Age at first drink and risk for alcoholism: a noncausal association

Alcohol Clin Exp Res. 1999 Jan;23(1):101-7.


Prior research indicates risk for alcoholism is increased among individuals who begin to drink at an early age. We replicate and extend these findings, addressing causal and noncausal explanations for this association. Structured psychiatric interviews, including assessment of lifetime DSM-IV alcohol abuse and alcohol dependence (AD), were conducted with 8746 adult twins ascertained through a population-based twin registry. We found strong evidence for an association between early drinking onset and risk for AD, but less evidence for an association with alcohol abuse. The results of twin-pair analyses suggest that all of the association between early drinking and later AD is due to familial sources, which probably reflect both shared environmental and genetic factors. These results suggest the association between drinking onset and diagnosis is noncausal, and attempts to prevent the development of AD by delaying drinking onset are unlikely to be successful.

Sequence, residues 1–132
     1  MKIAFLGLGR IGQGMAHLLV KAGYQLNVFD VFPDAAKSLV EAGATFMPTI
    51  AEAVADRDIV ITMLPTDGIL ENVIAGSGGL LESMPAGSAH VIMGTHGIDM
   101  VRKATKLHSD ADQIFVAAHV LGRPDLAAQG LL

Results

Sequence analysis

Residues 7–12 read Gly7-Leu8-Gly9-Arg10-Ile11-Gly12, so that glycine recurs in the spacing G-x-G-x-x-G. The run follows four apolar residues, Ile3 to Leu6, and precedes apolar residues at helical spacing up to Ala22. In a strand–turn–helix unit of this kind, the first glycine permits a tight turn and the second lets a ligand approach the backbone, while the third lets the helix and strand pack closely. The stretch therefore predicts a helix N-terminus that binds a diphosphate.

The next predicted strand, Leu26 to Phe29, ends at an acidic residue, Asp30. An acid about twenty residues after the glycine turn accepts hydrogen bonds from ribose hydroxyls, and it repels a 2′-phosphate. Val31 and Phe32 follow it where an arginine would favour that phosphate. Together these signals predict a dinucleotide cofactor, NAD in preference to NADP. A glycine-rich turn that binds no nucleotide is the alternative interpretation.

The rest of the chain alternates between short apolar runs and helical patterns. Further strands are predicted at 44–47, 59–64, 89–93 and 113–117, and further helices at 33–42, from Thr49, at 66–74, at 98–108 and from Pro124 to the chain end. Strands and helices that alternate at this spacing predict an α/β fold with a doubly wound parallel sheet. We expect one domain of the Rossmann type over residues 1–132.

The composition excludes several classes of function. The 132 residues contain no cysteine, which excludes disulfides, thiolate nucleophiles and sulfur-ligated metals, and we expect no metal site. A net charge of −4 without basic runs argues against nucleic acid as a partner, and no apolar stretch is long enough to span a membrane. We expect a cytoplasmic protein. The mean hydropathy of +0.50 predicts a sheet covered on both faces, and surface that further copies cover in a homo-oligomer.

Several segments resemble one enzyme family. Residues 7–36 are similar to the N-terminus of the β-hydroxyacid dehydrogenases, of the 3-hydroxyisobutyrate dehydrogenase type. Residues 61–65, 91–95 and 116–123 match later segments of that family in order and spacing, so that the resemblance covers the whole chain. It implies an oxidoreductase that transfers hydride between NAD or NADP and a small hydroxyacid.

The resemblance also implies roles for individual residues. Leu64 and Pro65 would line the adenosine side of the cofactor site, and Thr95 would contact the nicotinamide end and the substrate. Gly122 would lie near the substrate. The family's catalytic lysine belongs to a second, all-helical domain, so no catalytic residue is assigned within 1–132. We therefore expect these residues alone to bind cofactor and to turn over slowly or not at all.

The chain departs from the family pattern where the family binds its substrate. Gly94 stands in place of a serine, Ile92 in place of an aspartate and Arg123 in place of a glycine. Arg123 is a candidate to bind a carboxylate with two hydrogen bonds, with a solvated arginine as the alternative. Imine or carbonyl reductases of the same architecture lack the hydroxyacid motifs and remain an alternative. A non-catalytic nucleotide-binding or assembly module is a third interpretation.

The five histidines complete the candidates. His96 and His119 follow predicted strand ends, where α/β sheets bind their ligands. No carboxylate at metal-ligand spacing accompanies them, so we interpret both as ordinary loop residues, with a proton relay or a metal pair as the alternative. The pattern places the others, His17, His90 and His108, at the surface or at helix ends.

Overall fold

Publication types

  • Research Support, U.S. Gov't, P.H.S.
  • Twin Study

MeSH terms

  • Adolescent
  • Adult
  • Age Factors
  • Alcohol Drinking*
  • Alcoholism / etiology*
  • Alcoholism / psychology
  • Female
  • Humans
  • Male
  • Middle Aged
  • Twins, Dizygotic / genetics
  • Twins, Dizygotic / psychology
  • Twins, Monozygotic / genetics
  • Twins, Monozygotic / psychology